ENHANCING ADOPTION OF FOOD SAFETY MEASURES IN URBAN VEGETABLE PRODUCTION AND MARKETING SYSTEMS
Urban vegetable production and marketing systems in low-income countries are prone to contamination from polluted irrigation water, use of manure as fertilizer, unsanitary market conditions and other improper postharvest handling practices. In the recent past, the multiple-barrier approach has been adapted in research to develop measures to reduce contamination at different levels on the food chain. However, adoption of these measures could be constrained by low awareness levels of risks and risk-reduction measures as well as lack of adoption incentives. This paper presents various approaches and practical considerations that could enhance adoption rates of these measures, based on lessons learned from extensive studies carried out in Ghana. These studies include participatory development of risk reduction measures where end-users are actively involved in the process, incorporating their perceptions, needs and constraints. In addition, relevant social marketing techniques, incentive systems, awareness creation/education strategies and appropriate regulation measures are described. However, for optimal adoption, a combined framework of the most relevant approaches is advised.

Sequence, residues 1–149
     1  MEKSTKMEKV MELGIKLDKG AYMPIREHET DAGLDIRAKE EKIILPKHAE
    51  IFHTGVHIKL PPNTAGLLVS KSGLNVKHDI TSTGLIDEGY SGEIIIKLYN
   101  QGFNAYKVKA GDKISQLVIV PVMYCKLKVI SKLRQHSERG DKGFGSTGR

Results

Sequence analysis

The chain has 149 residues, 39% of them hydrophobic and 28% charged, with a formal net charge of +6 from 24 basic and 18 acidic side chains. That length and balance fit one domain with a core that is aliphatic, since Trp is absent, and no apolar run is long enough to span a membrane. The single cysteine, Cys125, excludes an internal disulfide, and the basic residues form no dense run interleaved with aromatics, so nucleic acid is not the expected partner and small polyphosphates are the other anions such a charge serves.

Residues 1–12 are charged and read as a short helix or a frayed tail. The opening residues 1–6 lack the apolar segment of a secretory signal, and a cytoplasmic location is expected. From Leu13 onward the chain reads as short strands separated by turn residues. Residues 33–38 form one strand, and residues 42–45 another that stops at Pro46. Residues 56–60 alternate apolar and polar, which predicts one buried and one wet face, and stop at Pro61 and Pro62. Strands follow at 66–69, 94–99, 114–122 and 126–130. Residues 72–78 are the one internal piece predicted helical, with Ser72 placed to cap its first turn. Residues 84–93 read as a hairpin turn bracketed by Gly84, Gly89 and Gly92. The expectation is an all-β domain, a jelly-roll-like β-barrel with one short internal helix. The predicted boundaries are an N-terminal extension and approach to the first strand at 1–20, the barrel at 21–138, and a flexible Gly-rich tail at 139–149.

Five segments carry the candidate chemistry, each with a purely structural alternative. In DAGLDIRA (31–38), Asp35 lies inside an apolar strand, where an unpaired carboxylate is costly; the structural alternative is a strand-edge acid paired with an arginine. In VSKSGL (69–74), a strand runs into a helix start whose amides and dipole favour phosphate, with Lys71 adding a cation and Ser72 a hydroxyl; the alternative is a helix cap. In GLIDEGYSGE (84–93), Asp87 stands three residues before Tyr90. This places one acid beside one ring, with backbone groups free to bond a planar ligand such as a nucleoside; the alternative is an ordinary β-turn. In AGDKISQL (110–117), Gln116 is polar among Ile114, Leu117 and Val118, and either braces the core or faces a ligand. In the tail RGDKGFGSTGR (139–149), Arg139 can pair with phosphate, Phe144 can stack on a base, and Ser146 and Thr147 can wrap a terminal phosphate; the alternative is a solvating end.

Keraita, B., Amoah, P., Drechsel, P. and Akple, M. (2014). ENHANCING ADOPTION OF FOOD SAFETY MEASURES IN URBAN VEGETABLE PRODUCTION AND MARKETING SYSTEMS. Acta Hortic. 1021, 391-399
food safety, farm and market contamination, risk reduction, adoption incentives